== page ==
Welcome to SID-GRB@home! This web page records my attempts to build a simple VLF receiver that can detect Sudden Ionospheric Disturbances (SID) and that are caused by x-rays from the sun (solar flares) and by x-rays from Gamma Ray Bursts (GRB) from the edges of the universe. See for latest page updates.
When I built my first SID receiver antenna to Casper Hossfield's April 2002 specifications (24 turns, #14 wire, 1.5m diameter), I found that it took about 0.024 ufd to tune it to 24 khz, and not the 0.0176 ufd specified in the April 2002 SID supplement. I asked Cap about this and he said not to worry, if it works, then fine. I was using 2% capacitors and hoped to avoid some of the problems with tuning the loop, but not so.
I think I have found a free program that accurately computes antenna specifications. RJELOOP3.EXE computes the parameters of receiving, multi-turn, square, loop antennas, ELF to HF. This DOS program can be downloaded here There are 5 inputs, and here are my calculations that you should double check.
RJELOOP3.EXE Program Inputs:
We need to compute the side (L) of a square antenna that has the same area (A) as our hexagonal antenna with 1.5 meter maximum diagonal (d). From high school trig I compute as follows (better check me on this!):
d = 1.5 meters = 1500 mm
A = 6*SQR(3)*d*d/16 = 6*SQR(3)*1500*1500/16 = 1461417.9 mm2
L = SQR(A) = 1208.9 mm
You can find standard wire diameters from this online Wire Gauge Conversion Chart
#14 AWG is 0.0641 inches in diameter
D = 25.4 mm/inch * 0.0641 inch = 1.63 mm
My antenna is 2.8 inches wide for 24 turns. or 0.1167 inches/turn or 2.963 mm/turn.
R = width of 1 pitch/width of wire =(25.4 mm/in*2.8 in/24)/(1.63 mm) = 1.82
(I think this is how the RJELOOP3 parameter R is defined.)
I assumed here that the receiver is to be tuned to the 24 kHz Cutler, Maine transmitter.
L Length of one side of square frame, mm .... 1208 N Number of turns of wire on the frame ...... 24 D Diameter of wire, milli-metres ............ 1.6 R Ratio of (winding pitch)/(wire diameter) .. 1.82 F Frequency, kilo-hertz ..................... 24 Inductance ................. 1864.2 micro-henrys Inductive reactance ........ 281 ohms HF loss resistance of wire . 1.84 ohms Radiation loss resistance .. 0.00 milli-ohms Self-resonant frequency .... 1.1 mega-hertz, approximately Total capacitance required . 23590 pico-farads for resonance deduct stray capacitance 10 .. .. Setting of tuning capacitor. 23579 .. .. .. .. Approximate coil Q ......... 153 Receiving sensitivity ...... 91 decibels below 1/4-wave vertical Width of winding ........... 69.9 milli-metres Total length of wire ....... 115.97 metres Impedance seen across loop . 42.9 K-ohms, when tuned to resonance Impedance seen by Receiver . 0.1 K-ohms, via 1-turn coupling loop
Note that the calculation of 23590 pico-farads for resonance (same as 23.59 nfd or 0.02359 ufd) is very close to what my loop required for tuning.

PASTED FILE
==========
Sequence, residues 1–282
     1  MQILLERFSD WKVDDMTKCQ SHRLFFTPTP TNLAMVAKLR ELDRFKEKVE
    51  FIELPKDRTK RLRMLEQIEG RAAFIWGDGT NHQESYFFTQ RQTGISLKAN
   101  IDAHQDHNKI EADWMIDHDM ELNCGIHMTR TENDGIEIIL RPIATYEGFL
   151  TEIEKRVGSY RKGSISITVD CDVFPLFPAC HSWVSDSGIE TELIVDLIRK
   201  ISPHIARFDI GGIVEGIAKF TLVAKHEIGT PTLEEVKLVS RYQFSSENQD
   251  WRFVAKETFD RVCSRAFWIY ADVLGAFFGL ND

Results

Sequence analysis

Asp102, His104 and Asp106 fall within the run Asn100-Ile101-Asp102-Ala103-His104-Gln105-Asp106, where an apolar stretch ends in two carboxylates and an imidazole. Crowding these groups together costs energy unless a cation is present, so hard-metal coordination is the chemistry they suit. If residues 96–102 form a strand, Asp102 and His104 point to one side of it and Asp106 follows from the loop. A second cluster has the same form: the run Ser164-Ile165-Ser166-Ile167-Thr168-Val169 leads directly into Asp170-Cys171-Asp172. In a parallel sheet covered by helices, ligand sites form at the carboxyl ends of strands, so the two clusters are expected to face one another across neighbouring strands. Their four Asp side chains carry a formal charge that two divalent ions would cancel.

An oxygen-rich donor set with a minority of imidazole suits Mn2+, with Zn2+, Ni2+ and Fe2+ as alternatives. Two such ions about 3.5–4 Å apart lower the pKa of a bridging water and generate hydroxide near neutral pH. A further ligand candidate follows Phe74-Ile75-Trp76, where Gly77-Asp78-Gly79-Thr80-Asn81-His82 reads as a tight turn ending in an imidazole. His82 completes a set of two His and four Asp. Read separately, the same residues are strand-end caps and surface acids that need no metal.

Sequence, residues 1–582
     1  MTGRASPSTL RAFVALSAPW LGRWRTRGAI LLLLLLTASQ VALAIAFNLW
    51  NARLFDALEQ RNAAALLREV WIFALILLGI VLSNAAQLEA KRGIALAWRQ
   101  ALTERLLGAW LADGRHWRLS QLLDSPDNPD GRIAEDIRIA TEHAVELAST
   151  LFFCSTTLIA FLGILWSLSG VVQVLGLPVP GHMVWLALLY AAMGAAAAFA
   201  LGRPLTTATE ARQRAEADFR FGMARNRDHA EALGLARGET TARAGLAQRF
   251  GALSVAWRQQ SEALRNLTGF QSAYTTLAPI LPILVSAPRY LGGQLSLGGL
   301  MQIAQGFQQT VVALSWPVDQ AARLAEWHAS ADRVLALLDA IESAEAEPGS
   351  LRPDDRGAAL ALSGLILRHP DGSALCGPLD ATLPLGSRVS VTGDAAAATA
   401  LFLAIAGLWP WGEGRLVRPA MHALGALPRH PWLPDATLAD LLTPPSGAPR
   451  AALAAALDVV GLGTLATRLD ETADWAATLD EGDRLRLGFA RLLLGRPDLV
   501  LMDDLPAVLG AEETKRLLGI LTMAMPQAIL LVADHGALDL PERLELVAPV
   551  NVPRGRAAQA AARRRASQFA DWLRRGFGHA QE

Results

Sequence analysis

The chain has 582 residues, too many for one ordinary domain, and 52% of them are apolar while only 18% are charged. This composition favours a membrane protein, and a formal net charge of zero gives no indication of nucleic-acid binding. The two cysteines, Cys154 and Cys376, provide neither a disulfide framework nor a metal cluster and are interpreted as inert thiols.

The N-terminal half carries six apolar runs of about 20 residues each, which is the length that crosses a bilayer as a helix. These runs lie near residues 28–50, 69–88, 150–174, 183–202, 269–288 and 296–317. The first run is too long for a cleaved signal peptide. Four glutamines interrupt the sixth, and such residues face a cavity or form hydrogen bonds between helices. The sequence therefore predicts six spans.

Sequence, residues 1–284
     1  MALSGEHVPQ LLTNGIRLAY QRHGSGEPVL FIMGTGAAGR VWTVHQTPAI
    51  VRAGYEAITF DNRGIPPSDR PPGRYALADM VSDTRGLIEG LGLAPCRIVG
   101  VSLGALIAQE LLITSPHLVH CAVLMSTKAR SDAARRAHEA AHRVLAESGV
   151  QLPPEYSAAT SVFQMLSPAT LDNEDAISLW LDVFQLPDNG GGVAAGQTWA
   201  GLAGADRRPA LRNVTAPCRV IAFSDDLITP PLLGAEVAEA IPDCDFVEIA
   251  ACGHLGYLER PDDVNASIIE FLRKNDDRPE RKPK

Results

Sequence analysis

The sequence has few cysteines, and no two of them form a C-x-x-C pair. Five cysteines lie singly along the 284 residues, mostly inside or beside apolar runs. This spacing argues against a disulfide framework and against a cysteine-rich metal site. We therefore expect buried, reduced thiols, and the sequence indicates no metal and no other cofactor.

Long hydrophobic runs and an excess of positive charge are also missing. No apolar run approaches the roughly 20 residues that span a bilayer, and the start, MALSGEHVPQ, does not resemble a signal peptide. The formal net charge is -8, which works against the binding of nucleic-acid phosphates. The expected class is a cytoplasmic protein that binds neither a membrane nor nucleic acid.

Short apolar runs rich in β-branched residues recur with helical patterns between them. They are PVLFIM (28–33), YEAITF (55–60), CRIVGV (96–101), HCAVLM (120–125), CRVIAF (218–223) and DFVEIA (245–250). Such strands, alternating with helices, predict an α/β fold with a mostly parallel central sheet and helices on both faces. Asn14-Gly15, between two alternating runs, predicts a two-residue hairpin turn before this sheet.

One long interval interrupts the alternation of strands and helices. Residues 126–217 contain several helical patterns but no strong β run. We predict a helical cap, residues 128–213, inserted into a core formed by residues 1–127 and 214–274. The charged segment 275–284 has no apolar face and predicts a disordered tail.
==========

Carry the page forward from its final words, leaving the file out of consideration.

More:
Unless I have made some stupid math mistakes, this program should be very useful for building SID receivers. For instance, I have about 150 ft of #14 wire left from my 500 ft standard spool. Why not use all the wire and make an even more sensitive antenna? It would only be about 1 inch wider than the 24 turn design. RJELOOP3 makes it easy to compare different antenna shapes, sizes, frequencies, wire diameters, etc.
Two SID VLF system designs are in common use: 1) the Stokes design uses a tuned (narrowband) receiver and an untuned (wideband) antenna, and 2) the Hossfield design uses a tuned antenna and an untuned receiver.
You will need to get an accurate time reference to Universal Time (UTC) (Greenwich England time without daylight saving time) since you want to know the arrival time of SID-GRB within a second of UT. Some folks hook their electronics to GPS or WWV radio systems but I am too cheap for that. I looked for some way to make my PC clock accurate to within a fraction of a second per week instead of its usual several seconds per hour of error. Here is what I came up with:
I found when I started my seismometer project in 2000 that most of the existing seismic data logging software was programmed to accept data from a few PC a/d boards, and most of the programs did not accept the ASCII data records that microprocessors can easily output. However I found one program that the author was willing to modify to accept simple ASCII records: the freeware program Amaseis. Here is all of the seismic software that I am have heard of that might be of use for SID-GRB data logging. Please send me links to all the software I have missed.
I started on some Visual Basic software for data logging, but I have not had much time to work on it. Perhaps we need an open software project to develop SID-GRB software. Please if you have some interest in this type of project.
hits since April 3, 2010.
This page was created by , and last updated on October 25, 2011.